It's been a rough few weeks of cancellations for fan-favorite shows like "Sense8," "Pitch" and "Sweet/Vicious." Here's the ones we're still super bummed about.
Sense8Messy and homey, just like a real family. It's also not great timing that Netflix canceled this fan-favorite diverse and inclusive sci-fi drama on the first day of Pride Month.
Sweet/ViciousJules and Ophelia were the vigilantes we needed right now, but unfortunately MTV didn't agree.
Girl Meets WorldOkay, sure, we've had months to come to terms with this "Boy Meets World" spinoff not finding a new home, but it's still too soon, okay?
PitchMajor League Baseball is ready for its first female player, but Fox wasn't ready to give Ginny Baker more than a season to prove herself.
UndergroundThis timely, modern take on American slavery was canceled as its network exited the scripted game, but fear not, creator and showrunner Misha Green has already promised they're looking for a new home for Harriet Tubman and the gang.
FrequencyPerhaps not a surprise cancellation as ratings were never there for the better-than-the-premise-sounds father-daughter drama, but it's still a bummer we won't get to continue spending time with Frank and Raimy in the future - and the past.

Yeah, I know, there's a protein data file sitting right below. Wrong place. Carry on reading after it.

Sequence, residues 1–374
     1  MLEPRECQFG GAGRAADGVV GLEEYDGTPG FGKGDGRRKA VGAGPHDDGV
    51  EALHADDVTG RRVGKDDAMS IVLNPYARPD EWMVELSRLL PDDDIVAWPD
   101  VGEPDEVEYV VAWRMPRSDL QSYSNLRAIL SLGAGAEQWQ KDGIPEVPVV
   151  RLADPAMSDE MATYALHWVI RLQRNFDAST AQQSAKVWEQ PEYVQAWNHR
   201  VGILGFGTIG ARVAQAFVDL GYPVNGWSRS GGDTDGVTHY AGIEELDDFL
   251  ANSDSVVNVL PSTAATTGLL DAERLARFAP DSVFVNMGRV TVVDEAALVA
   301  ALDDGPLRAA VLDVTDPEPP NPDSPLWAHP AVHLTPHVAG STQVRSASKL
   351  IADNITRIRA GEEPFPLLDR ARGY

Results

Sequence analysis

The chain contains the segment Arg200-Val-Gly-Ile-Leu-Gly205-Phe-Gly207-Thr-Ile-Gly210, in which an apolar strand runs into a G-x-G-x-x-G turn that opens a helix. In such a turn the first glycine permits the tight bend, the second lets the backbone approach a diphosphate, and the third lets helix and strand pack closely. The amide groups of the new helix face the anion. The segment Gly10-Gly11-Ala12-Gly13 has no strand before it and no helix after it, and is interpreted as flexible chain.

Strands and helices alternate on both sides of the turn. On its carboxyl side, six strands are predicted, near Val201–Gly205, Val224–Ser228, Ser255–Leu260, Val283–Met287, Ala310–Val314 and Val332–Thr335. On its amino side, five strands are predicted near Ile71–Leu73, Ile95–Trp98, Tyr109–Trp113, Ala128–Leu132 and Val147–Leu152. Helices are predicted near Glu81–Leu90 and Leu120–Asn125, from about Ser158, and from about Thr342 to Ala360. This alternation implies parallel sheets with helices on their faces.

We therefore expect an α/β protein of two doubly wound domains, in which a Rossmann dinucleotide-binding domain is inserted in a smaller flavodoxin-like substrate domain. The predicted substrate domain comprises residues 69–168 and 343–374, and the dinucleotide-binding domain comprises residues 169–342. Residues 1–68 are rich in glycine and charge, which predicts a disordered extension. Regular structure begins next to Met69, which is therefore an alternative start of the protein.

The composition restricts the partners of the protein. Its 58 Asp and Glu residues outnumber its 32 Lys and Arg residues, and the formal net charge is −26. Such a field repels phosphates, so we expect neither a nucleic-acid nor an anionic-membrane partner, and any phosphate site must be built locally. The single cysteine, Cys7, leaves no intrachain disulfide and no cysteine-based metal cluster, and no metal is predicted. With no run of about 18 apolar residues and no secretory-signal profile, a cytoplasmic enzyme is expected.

The Get DownBaz Luhrmann's visionary deep dive into the 1970s birth of hip hop was canceled after just one season, breaking a Netflix streak and millions of fans' hearts.
IncorporatedA futuristic drama about the dangers of corporations having too much power seems timely and important, but not according to Syfy, who canceled it after just one season.
Please Like MeThis Australian import garnered a passionate following, and after four seasons, despite creator and star Josh Thomas reassuring "we are really happy with what we've made and feel like it is complete," fans were still hoping for more.
Scream Queens"American Horror Story" is still going strong six seasons in, so why couldn't its funnier, younger cousin last more than 2 seasons?
American CrimeJohn Ridley's masterful deep-dive into uncomfortable social issues season after season was cut down too soon, when these stories need to be told more than ever.